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Anxiety from Brain Chemistry

According to the Anxiety and Depression Association of America, throughout much of their lives, women are twice as likely as men to have an anxiety disorder. In addition, anxiety disorders occur earlier and are more likely to be coupled with low mood in women than in men.

Differences in brain chemistry may explain some of these facts, as chronic anxiety is believed to be the result of a body chemical imbalance that begins in the brain.  As with other body functions, such as swallowing, breathing, sleeping/waking, and processing thoughts, emotional reactions are the result of chemical messengers from the brain. With regards to anxiety, the relevant messengers are serotonin, epinephrine, norepinephrine, and GABA, among others.

Commonly called our “feel good” neurotransmitters, these chemical messengers are naturally produced by the body and credited for any sense of well-being or satisfaction a patient experiences.  Conversely, if their production is low, they are generally to blame for a lack thereof.  There is evidence to suggest that the female brain does not process serotonin as quickly as the male brain; however, too much or too little of any of these chemicals can result in anxiety and low mood disorders.

Brain chemical imbalances, however, don’t always happen in a vacuum, since hormones can have a dramatic effect on brain chemistry, neurotransmitter production, and balance. 

For example, the thyroid gland produces hormones responsible for regulating the production of our feel-good chemicals and then distributing them to the brain. Therefore an improperly functioning thyroid creates a domino effect, increasing your risk of experiencing unusual anxiety.  Statistics from the American Thyroid Association show that while an estimated 20 million Americans suffer from thyroid disease, women are five to eight times more likely to have thyroid problems than men.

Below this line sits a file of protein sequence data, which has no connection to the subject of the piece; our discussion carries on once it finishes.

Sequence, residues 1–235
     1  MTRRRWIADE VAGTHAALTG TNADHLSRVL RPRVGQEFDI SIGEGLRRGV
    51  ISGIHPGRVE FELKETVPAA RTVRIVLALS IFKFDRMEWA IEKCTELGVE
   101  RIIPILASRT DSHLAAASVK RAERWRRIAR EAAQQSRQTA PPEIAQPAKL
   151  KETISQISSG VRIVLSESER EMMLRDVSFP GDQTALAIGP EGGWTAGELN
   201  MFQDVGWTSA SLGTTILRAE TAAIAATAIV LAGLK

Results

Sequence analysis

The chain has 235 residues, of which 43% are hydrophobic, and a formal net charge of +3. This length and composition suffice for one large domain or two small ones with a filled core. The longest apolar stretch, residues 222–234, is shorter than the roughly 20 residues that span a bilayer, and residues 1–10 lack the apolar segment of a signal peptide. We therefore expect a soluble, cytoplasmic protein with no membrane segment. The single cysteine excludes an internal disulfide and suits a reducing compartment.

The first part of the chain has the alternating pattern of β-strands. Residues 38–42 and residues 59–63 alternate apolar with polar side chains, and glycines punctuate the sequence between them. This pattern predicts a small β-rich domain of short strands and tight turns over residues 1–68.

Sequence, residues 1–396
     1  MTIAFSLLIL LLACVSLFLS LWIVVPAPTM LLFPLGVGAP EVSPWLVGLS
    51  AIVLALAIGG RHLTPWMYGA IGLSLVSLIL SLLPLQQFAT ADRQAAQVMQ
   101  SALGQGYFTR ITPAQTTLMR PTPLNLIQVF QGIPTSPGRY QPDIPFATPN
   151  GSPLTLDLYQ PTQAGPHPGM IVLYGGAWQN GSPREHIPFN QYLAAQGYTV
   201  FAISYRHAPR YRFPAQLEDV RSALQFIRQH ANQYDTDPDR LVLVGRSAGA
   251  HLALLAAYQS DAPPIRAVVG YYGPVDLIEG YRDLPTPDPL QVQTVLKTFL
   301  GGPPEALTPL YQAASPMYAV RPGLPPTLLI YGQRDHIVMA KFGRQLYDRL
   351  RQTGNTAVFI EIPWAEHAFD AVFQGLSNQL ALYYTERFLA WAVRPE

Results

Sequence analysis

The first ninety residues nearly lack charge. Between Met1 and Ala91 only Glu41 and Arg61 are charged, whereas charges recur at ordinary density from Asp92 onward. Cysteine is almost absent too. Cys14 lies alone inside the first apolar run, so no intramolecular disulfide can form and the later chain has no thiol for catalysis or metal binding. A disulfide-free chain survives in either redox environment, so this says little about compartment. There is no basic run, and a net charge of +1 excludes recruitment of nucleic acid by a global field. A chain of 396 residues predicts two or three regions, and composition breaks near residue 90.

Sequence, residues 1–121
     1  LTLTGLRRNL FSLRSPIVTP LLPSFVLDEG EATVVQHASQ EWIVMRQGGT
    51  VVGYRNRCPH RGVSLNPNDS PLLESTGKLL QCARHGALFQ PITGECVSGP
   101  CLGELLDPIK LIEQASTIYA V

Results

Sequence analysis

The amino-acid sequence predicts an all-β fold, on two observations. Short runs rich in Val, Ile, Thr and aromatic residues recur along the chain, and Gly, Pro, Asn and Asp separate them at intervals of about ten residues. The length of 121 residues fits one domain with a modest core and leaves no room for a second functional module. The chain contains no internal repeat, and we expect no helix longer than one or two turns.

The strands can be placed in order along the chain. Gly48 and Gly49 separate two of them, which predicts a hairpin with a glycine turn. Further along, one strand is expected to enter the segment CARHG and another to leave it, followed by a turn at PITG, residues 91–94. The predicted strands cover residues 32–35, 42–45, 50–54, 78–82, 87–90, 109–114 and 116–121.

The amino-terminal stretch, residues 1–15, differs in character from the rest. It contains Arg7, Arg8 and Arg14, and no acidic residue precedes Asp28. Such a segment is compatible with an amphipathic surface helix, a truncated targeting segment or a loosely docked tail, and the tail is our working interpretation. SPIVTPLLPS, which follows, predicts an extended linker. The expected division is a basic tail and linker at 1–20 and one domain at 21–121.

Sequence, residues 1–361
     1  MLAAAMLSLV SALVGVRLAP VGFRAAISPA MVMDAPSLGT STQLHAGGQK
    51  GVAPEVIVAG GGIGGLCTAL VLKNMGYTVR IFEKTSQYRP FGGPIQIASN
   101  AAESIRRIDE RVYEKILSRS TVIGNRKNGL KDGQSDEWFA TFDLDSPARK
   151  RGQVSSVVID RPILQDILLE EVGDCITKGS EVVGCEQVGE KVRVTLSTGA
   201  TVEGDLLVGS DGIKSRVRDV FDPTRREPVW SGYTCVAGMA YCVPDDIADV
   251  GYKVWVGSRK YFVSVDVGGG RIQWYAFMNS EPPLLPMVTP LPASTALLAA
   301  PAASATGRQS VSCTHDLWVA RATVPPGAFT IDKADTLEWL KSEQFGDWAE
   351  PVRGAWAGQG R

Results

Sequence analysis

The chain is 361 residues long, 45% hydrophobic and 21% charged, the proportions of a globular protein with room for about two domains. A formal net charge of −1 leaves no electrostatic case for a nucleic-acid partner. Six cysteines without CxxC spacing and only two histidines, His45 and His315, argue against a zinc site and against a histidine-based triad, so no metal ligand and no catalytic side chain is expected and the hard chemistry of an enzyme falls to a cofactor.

In addition, the adrenal glands control the release of adrenaline and cortisol in stressful situations, initiating the “fight or flight” response to a perceived threat. This response is more readily activated in women and stays activated longer than men, partly as a result of the action of estrogen and progesterone.  Long-term or frequent stress may damage the adrenal glands’ ability to control the release of these hormones, thereby keeping your body in an anxious state of elevated heart rate, and alertness, the same way many people describe their anxiety. 

Chemical, like hormonal, imbalances can be caused by a variety of life stressors, genetics, or a combination of both.  Once an imbalance is detected, hormone production neurotransmitter receptivity can be changed — and anxiety controlled — by implementing relaxation tools and coping mechanisms, as through holistic therapies, designed to balance out deficiencies that lead to anxiety disorders.  Contact us if you’re looking for natural ways to treat anxiety caused by a brain chemistry imbalance.

Let us begin — or enhance — your efforts to fight anxiety and help you be your best, most relaxed self. Schedule an appointment with our team. 

Watch our Facebook Live discussion with Dr. Danny on this topic:

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